Toward Tomorrow’s Organically Secure Vehicle
Autonomy, a leading use case for the connected vehicle, has the promise of being one of the most significant safety mechanisms the world has ever built. But autonomy and security go hand in hand; autonomy and trust exist in equal measure: if we trust the autonomous technology in the vehicle we will deploy it widely and if we do not it will remain a laboratory curiosity. Trust depends crucially on security in and around the car. Simply stated, the more we trust in the safety and security of self-driving cars, the more we will use them, and the more society will benefit.
FASTR believes we collectively have the opportunity, and responsibility, today to re-architect the vehicle in such a way that cybersecurity is at its very foundation. This must be coordinated across the entire, evolving automotive supply chain. We believe that tomorrow’s connected and automated vehicles should be “organically secure”—systematically more able to deal with inevitable cybersecurity threats in a safe and predictable manner.
Accelerating the realization of tomorrow’s organically secure vehicles demands tangible research deliverables today—reference architectures, proofs of concept and other theoretical and applied research—that would help automakers reduce risks and liabilities, foster trust in autonomous vehicles and accelerate the safety and quality-of-life benefits that these vehicles promise. FASTR supports inclusive, diverse, multifaceted cybersecurity research collaboration across the evolving automotive ecosystem. We recognize that automotive security is not a problem that can be solved by a single organization, technology, or in silos. And that the magnitude and scope of the emerging challenges demand no less than an industry-wide response.
The Challenge Shared
Tomorrow’s automobile will be built around software, as opposed to today’s reality of software being wrapped around the vehicle. As a result, the automobile of the future will have a significantly expanded cyber-attack surface, rendering automotive security a rapidly intensifying area of industry and government focus.
All existing security technologies have evolved to address the emerging threats of their time, and we can expect automotive security to do so, as well. But it is also true that public safety could be jeopardized and breaches and awareness of potential security issues could inhibit deployment of autonomous vehicles and realization of their potential benefits, without a substantially more concerted and coordinated effort in cybersecurity today. The risk is with slowing the adoption of the revolutionary societal benefits from autonomous driving: dramatic reduction in accidents, alleviation of city congestion, mobility for all, and more. The unprecedented adoption of technology into modern vehicles without rigorous Security Design Lifecycle methodologies applied in a “system of systems” approach will create unacceptable risks.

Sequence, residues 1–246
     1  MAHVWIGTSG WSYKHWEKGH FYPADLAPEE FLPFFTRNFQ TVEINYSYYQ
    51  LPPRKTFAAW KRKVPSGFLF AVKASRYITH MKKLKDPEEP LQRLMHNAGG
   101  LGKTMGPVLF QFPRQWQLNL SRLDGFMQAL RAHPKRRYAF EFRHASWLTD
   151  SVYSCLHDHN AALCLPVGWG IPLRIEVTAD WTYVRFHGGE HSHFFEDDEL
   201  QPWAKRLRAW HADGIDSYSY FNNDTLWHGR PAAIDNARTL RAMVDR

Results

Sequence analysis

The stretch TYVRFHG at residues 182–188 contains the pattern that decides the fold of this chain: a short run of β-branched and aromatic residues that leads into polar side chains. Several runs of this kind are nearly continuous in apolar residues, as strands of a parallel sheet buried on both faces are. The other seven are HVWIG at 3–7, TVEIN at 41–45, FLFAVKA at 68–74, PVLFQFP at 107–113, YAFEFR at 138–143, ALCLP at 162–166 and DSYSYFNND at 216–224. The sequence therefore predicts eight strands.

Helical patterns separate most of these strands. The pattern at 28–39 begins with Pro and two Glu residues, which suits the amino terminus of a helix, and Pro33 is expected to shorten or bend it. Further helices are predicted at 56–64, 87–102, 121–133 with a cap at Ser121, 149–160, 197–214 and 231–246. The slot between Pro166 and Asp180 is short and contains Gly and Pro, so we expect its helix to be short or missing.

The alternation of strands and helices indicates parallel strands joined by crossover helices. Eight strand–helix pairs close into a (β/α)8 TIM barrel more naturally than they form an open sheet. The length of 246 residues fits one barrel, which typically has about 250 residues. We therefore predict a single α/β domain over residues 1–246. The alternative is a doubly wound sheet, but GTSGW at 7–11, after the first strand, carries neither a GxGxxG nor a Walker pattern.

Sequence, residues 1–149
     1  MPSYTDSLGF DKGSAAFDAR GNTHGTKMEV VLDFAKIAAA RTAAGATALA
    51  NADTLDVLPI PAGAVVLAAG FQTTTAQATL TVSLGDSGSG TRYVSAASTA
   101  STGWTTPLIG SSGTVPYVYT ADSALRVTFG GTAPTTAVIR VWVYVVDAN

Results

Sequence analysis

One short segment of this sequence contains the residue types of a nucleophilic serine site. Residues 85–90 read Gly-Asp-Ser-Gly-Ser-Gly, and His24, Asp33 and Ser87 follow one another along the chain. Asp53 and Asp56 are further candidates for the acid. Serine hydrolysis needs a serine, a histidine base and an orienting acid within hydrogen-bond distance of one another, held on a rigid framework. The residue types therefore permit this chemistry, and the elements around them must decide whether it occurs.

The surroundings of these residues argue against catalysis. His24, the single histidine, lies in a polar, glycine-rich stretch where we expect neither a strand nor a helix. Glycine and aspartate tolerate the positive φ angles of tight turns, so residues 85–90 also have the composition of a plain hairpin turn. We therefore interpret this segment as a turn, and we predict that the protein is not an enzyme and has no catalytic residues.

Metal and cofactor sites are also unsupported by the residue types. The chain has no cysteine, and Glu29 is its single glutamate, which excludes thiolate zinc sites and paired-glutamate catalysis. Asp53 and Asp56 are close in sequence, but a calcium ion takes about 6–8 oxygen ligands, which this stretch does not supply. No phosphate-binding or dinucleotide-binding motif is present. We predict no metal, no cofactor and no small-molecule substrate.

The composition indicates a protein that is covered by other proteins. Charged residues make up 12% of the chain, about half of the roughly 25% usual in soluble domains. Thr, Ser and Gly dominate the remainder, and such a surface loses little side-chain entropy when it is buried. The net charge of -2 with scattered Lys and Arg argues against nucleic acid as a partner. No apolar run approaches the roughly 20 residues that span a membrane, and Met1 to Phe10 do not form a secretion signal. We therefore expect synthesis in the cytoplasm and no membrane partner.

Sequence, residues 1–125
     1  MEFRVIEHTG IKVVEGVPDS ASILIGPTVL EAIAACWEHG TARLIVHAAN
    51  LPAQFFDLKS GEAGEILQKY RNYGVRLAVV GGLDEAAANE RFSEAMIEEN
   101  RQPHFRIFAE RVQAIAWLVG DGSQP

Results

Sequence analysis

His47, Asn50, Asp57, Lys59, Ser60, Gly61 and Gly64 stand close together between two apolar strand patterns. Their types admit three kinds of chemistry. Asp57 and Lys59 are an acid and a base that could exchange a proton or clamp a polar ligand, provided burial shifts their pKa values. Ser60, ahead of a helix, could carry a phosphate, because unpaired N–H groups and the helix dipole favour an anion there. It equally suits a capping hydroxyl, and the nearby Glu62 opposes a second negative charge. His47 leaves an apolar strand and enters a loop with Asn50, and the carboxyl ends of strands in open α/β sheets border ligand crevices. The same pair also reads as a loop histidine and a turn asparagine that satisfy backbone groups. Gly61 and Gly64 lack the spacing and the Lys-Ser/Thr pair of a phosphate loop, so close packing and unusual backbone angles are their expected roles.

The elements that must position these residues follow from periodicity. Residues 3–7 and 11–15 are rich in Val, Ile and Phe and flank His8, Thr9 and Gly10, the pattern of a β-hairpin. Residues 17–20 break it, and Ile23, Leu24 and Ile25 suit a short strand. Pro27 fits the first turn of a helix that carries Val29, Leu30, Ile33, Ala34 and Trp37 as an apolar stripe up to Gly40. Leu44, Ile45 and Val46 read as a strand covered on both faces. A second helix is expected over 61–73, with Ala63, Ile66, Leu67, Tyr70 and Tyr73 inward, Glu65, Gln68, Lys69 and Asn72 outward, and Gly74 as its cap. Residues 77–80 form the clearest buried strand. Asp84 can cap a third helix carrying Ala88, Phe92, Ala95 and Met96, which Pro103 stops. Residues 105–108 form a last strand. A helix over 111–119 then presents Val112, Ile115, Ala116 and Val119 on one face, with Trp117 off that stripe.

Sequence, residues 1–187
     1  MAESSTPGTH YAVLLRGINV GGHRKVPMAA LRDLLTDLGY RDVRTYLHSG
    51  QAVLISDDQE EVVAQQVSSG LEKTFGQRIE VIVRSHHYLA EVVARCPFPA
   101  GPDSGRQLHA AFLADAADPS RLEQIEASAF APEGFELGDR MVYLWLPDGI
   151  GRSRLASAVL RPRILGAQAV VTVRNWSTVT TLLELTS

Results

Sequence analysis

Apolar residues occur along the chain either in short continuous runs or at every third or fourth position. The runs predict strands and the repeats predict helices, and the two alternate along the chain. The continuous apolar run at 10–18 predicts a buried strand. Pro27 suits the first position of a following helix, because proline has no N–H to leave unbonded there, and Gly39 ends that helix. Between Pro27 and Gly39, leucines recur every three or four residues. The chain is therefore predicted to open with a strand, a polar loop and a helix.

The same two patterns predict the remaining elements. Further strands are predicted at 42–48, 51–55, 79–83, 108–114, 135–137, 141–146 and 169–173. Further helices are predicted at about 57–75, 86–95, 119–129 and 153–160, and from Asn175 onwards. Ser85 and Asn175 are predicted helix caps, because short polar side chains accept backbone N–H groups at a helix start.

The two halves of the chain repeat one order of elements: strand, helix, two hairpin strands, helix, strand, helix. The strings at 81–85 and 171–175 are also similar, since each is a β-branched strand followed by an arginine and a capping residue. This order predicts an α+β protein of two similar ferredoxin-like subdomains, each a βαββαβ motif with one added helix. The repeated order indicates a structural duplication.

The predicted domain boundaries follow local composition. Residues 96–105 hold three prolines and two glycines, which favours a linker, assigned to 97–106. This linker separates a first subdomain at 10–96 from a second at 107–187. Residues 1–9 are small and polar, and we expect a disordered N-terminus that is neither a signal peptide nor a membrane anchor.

Vehicles today are undergoing dramatic transformation of software content, connectivity, services and autonomy. Forecasts call for 150 million connected cars on roadways by 2020. We are moving from a current state of limited but expanding vehicle connectivity (telematics, infotainment, etc.) to a highly complex, fully connected environment including vehicle to vehicle (V2V), vehicle to infrastructure control (V2I) and vehicle-to everything (V2X). The wireless interfaces on modern vehicles has evolved in include all the conveniences modern life demands, like WiFi, Bluetooth, cellular, GPS, digital broadcast radio, and even your tire pressure monitor system. The industry should be concerned that XXXX stated that . Today’s emerging capabilities for vehicle automation are being overtaken by a pervasive, highly developed state of automation. And while today’s telemetric data analytics primarily concentrate on vehicle performance and location, tomorrow’s will be focused on consumer experience and personal data. Along the way, the connected vehicle will rely more and more on external systems and networks to support new services and interactions.
These are seismic shifts that the automotive ecosystem is undertaking, calling up significant, interrelated requirements for trust in security:
- Trust in data confidentiality—Vehicle and operator data must not be divulged without the permission of the operator.
- Trust in data & system integrity—Vehicle and operator data must not be compromised or altered.
- Trust in data & system availability—Vehicle and operator data must be available to the systems and services that rely on them.
Today’s modern luxury vehicle contains more than 100 million lines of code, and approaching 100 Electronic Control Units (ECU’s) within the vehicle. While the industry labors mightily to fuse together automotive security across this exploding complex architecture, the challenge clearly expands beyond the borders of any one software application or hardware chip alone in addressing the growth of tremendous security vulnerabilities.
To deliver on the requirements for multi-layered, seamless trust and security—and arrive at the organically secure vehicle that the world will require—two strategies are essential. First, the complexity of today’s vehicle must be comprehended in layers; communication channels must be protected among vehicles and devices, within the communications infrastructure, and within the data center. Second, recognizing that automotive original equipment manufacturers (OEMs) rely on complex supply chains, these supply chains must be organized to align with best practices for security and production of verifiably trustworthy technology components. The automotive security challenges demand both a deep and wide solution.